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Diabetes Professional Care
15-16 November 2023, Olympia London

The UK's leading event for the entire team involved in the prevention, treatment and management of diabetes and its related conditions.

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Managing diabetes during Ramadan – not even water

With Ramadan approaching later this month, we’re taking a look back at a session delivered by Nadia Malik at Diabetes Professional Care 2023 about managing diabetes when fasting during Ramadan.

Nadia is a PCN Pharmacist at North Stockton Primary Care Network. Having previously worked in community pharmacy for 15 years, Nadia has a special interest in type 2 diabetes and has helped set up a Diabetes Interest Group which facilitates upskilling and education for local healthcare professionals. Her presentation at DPC 2023 provided practical advice for healthcare professionals to support diabetic patients choosing to fast during the month of Ramadan.

Nadia starts by addressing the elephant in the room. “Yes, it’s not even water. Everyone always asks that so I thought it would be appropriate as the title of my talk just to get that out of the way.”

Giving some background on Ramadan, Nadia notes that, “Ramadan is the holiest month in the Islamic calendar. During Ramadan, Muslims abstain from food and drink. So yes, not even water. Islam follows a lunar calendar which means that the dates of Ramadan go back by approximately ten days every year.”

During Ramadan, fasting is observed from sunrise until sunset. There are no restrictions on food or drink intake between sunset and dawn. Therefore, fasts will be longer during the summer months when the days are longer, and shorter when Ramadan takes place during the winter months.

Nadia explains that, “during Ramadan, you wake up at Suhoor, which is before sunrise, and have a morning meal. Waking up before sunrise and then going back to bed for a couple of hours before you’ve got to get up for work is a disruption to your sleep pattern, and that makes it a bit harder than it would be if you were just getting up and fasting for 12 hours like intermittent fasting. Following sunrise, you carry on with your normal day. At sunset, you open your fast and then you offer one of the prayers, Maghrib, after which you have your normal evening meal, Iftar. There’s also a prayer towards the end of the night, Isha, in which an extra prayer Tarawih is incorporated, and this is longer than normal Isha prayer.”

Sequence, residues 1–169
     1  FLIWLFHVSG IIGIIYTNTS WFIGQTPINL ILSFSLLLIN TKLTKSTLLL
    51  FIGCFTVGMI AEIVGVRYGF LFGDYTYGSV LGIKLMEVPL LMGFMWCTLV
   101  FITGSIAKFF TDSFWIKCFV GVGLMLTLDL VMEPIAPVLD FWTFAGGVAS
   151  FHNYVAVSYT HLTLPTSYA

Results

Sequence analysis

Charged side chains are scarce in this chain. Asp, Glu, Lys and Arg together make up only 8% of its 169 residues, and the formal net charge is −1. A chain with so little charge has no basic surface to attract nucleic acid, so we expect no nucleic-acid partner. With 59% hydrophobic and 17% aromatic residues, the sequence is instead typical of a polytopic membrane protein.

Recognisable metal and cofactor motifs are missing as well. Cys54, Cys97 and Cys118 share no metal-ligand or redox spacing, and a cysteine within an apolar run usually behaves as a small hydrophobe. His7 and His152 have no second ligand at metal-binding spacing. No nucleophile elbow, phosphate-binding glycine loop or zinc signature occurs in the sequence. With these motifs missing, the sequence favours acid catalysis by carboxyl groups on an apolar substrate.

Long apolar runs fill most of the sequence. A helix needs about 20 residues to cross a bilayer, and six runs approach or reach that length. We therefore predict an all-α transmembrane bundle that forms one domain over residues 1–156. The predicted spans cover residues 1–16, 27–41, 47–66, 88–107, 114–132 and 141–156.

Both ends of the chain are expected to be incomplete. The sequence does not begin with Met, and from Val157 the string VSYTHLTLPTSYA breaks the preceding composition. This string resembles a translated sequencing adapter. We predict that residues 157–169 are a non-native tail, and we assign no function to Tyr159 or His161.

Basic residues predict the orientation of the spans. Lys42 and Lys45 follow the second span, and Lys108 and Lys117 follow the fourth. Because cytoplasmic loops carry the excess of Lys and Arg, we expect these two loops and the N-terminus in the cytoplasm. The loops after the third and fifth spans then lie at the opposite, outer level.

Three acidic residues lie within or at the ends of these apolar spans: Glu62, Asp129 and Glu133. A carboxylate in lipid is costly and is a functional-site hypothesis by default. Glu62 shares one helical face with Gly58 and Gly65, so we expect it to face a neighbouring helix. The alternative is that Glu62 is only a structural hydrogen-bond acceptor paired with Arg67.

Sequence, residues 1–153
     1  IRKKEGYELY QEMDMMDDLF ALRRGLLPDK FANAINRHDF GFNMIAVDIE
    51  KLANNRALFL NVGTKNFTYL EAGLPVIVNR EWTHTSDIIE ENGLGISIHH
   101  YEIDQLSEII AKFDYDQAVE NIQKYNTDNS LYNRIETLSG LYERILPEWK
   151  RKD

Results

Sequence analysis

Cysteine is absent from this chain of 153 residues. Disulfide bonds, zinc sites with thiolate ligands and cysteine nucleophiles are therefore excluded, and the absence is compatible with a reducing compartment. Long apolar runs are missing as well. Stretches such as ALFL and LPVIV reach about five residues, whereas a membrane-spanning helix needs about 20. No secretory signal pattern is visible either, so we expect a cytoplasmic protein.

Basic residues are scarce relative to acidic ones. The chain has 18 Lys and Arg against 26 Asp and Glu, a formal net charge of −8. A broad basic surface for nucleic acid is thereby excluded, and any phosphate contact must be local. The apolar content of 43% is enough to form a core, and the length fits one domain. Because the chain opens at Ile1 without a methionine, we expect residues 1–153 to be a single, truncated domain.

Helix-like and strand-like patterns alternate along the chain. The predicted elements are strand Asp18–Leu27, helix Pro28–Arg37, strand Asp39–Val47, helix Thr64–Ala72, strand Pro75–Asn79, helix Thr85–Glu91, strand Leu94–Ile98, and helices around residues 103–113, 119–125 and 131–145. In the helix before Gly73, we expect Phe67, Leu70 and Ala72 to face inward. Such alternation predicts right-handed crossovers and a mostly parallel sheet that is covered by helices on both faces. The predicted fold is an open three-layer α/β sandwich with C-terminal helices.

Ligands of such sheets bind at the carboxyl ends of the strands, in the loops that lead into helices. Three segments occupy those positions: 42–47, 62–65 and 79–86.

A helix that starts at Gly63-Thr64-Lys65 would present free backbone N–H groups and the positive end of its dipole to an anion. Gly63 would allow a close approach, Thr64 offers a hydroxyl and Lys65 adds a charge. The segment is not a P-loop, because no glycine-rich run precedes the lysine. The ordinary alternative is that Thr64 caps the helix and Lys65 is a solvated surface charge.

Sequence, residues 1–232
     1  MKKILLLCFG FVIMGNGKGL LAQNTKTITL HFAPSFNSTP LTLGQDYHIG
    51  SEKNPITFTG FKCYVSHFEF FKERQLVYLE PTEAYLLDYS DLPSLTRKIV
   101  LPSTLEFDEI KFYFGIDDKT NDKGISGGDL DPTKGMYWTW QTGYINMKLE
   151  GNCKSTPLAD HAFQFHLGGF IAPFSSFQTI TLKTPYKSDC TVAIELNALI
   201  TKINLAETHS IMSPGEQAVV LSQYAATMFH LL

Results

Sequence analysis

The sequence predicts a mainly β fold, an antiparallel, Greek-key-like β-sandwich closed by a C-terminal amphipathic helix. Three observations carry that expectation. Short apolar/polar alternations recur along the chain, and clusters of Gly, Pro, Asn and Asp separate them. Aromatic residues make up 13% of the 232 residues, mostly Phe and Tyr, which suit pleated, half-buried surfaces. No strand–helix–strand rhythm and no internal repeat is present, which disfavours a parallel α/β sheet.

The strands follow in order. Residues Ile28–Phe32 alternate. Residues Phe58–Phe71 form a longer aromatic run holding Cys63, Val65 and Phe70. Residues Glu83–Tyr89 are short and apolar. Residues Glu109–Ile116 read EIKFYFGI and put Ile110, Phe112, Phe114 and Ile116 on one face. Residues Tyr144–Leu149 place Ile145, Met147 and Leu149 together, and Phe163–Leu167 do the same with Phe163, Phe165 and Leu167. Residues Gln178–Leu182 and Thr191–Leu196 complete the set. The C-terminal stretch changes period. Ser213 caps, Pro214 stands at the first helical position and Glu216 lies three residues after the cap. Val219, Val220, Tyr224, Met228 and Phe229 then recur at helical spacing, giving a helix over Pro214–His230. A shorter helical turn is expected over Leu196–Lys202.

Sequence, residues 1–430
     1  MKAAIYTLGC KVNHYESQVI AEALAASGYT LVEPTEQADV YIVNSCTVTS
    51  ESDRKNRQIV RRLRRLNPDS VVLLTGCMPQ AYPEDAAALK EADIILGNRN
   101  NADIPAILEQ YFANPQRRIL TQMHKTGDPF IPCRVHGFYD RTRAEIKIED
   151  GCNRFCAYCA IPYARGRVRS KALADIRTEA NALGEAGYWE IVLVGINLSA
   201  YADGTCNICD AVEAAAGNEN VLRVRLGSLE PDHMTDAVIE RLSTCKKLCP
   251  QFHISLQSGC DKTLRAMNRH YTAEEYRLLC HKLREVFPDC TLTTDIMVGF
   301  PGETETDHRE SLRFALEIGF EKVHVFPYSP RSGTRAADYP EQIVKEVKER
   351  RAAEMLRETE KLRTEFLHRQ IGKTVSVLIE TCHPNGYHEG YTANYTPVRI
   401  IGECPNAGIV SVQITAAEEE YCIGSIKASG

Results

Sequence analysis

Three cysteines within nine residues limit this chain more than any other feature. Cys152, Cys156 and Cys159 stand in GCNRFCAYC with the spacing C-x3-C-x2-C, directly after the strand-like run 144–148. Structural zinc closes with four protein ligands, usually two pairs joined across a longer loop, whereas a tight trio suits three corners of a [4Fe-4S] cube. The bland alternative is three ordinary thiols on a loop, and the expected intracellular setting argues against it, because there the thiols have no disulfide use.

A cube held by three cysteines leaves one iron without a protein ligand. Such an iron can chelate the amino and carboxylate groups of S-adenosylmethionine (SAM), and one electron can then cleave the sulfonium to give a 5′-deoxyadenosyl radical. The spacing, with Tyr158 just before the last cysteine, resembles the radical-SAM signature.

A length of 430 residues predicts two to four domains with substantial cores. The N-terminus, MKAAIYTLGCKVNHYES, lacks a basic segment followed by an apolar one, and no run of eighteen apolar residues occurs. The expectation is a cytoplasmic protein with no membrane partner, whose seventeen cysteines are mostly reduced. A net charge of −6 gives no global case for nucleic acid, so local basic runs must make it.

Addressing who fasts during Ramadan, Nadia states that, “generally, all healthy adults will fast, however there are exemptions. For example, pregnant ladies, the elderly, the frail, those travelling or where there is a condition that would mean that fasting would be detrimental to health and wellbeing. For those that are unable to fast during Ramadan, they are able to offer charity instead.”

However, Nadia notes that many people with diabetes, who may be exempt, will still choose to fast during Ramadan. It is therefore imperative that healthcare professionals have the tools to be able to support their patients during this time to help mitigate any risks.

While there has been some research to show that there is benefit to fasting, even for patients with diabetes because it can help manage their blood glucose level, fasting over such a long period of time may also carry some risks. “The biggest risk to patients with type 2 diabetes who choose to fast is hypoglycaemia. Patient education is the best support for our patients with diabetes to fast safely,” says Nadia.